Thirsk and Northallerton are not too far away, and have even more places to stay.
You’ve guessed it, this route starts with a climb. However, the country landowner has made it easy for you, by tarmacking the narrow lane which winds its way up to the junction with the Cleveland Way.
From there it’s a whizz downhill on an excellent track, a woodland ramble and climb, before returning to the moorland.
The route returns to the junction of the Cleveland Way, where you can either retreat at speed down the lane, or take a right and head down and around through Silton Woods, or take a left and go down and around through Boltby Forest – we’ll leave it to you. We’ve kept it as a dash around route, returning to Kepwick down the lane.
1. Park up in the small car park to the front of the village hall. Head down the village, passing the hall to your right, and continue on the lane that is signed “unsuitable for motors.”
2. A wall of tarmac now meets you, so you will need to be fit in order to tackle this. It is an extremely steep climb – beware. However, if you’re up for it, then the surface is good and the views are great. The lane eventually takes you through a gate with a very expensive stone carved sign asking you to close the gate – oh the landed set – before continuing with slight respite before joining the Cleveland Way on the edge of the Hambleton Hills.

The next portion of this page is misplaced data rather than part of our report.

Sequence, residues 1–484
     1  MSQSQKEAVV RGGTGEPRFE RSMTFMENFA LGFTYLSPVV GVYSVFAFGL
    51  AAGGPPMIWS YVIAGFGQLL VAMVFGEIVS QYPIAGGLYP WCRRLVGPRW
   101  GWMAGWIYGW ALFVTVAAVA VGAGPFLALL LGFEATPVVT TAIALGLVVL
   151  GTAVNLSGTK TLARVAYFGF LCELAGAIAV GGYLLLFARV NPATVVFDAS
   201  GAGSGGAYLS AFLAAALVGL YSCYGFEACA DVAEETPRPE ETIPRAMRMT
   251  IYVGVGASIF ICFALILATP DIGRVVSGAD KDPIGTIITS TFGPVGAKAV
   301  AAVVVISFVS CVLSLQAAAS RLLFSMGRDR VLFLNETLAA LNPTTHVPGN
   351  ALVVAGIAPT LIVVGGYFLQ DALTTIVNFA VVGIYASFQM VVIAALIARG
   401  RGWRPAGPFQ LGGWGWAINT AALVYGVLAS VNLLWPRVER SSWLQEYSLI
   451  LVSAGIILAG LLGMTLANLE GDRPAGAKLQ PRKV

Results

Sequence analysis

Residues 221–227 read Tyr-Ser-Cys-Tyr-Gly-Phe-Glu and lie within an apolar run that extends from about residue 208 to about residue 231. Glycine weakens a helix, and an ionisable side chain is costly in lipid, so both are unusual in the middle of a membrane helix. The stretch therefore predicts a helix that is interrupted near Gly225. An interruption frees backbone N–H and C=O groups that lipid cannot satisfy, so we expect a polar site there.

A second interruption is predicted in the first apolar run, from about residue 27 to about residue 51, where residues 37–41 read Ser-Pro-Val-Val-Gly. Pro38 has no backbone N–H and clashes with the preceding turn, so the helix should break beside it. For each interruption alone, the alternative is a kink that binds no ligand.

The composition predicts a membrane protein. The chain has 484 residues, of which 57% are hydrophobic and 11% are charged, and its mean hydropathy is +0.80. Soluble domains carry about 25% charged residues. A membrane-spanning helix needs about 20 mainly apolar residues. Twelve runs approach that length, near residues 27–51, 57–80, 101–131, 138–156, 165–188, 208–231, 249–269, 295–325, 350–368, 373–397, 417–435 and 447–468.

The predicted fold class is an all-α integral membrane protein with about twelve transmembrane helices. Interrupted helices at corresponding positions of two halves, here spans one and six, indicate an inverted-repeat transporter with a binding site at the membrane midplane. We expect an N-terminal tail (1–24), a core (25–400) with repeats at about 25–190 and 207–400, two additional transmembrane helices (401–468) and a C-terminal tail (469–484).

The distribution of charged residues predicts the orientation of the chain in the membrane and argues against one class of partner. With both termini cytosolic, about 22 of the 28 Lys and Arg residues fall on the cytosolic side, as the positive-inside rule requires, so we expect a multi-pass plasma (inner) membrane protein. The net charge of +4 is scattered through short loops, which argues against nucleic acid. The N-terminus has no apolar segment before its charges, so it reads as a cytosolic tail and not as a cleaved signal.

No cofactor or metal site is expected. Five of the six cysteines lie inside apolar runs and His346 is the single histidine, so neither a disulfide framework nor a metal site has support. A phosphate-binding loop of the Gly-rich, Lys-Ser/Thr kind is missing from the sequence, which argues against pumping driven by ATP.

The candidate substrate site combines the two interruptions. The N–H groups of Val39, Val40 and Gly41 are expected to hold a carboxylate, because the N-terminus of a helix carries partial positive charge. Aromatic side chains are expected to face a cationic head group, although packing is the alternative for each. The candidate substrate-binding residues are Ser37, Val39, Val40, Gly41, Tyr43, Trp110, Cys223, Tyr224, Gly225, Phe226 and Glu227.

3. At this junction take the track ahead, which initially looks slightly n/e of you, but twists around and takes you across excellent smooth moorland tracks, allowing you to open up and enjoy some speed.
4. Through a gate and with woodland to the left and an excellent view of Hawnby ahead, the track falls steeply, becoming rockier.
5. At Arden Hall, go around the cottages to the left, following the bridleway as it climbs through the wood. This climbs steeply in places, with short sections of respite, before finally going through a gate as you leave the woodland for the moor.
6. At this point the bridleway points left. However, a steep path to the right with an isolated tree on it is the route to take. This may be a ‘get off and walk’ section, but it soon leads up onto the moor top and excellent tracks.
7. As this track joins the well-made moorland double track, keep left (almost straight on), and heading back towards the Hambleton ridge. This route dips and turns before bringing you back onto the Drovers way track. Turn left.